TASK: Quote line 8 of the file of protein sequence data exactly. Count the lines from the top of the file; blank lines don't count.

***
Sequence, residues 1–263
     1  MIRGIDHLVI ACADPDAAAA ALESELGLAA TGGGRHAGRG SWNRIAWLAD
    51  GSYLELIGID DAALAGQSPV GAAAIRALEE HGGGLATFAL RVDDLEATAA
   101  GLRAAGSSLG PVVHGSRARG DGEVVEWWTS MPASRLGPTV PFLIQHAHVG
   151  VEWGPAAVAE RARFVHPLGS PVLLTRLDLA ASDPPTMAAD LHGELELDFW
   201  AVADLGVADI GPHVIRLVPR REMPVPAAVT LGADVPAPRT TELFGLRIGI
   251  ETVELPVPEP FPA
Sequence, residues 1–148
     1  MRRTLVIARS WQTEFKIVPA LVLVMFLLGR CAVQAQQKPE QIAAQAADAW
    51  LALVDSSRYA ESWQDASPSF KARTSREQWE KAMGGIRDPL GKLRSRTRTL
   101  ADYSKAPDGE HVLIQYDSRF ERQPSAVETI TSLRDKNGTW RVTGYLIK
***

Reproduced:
Sequence, residues 1–148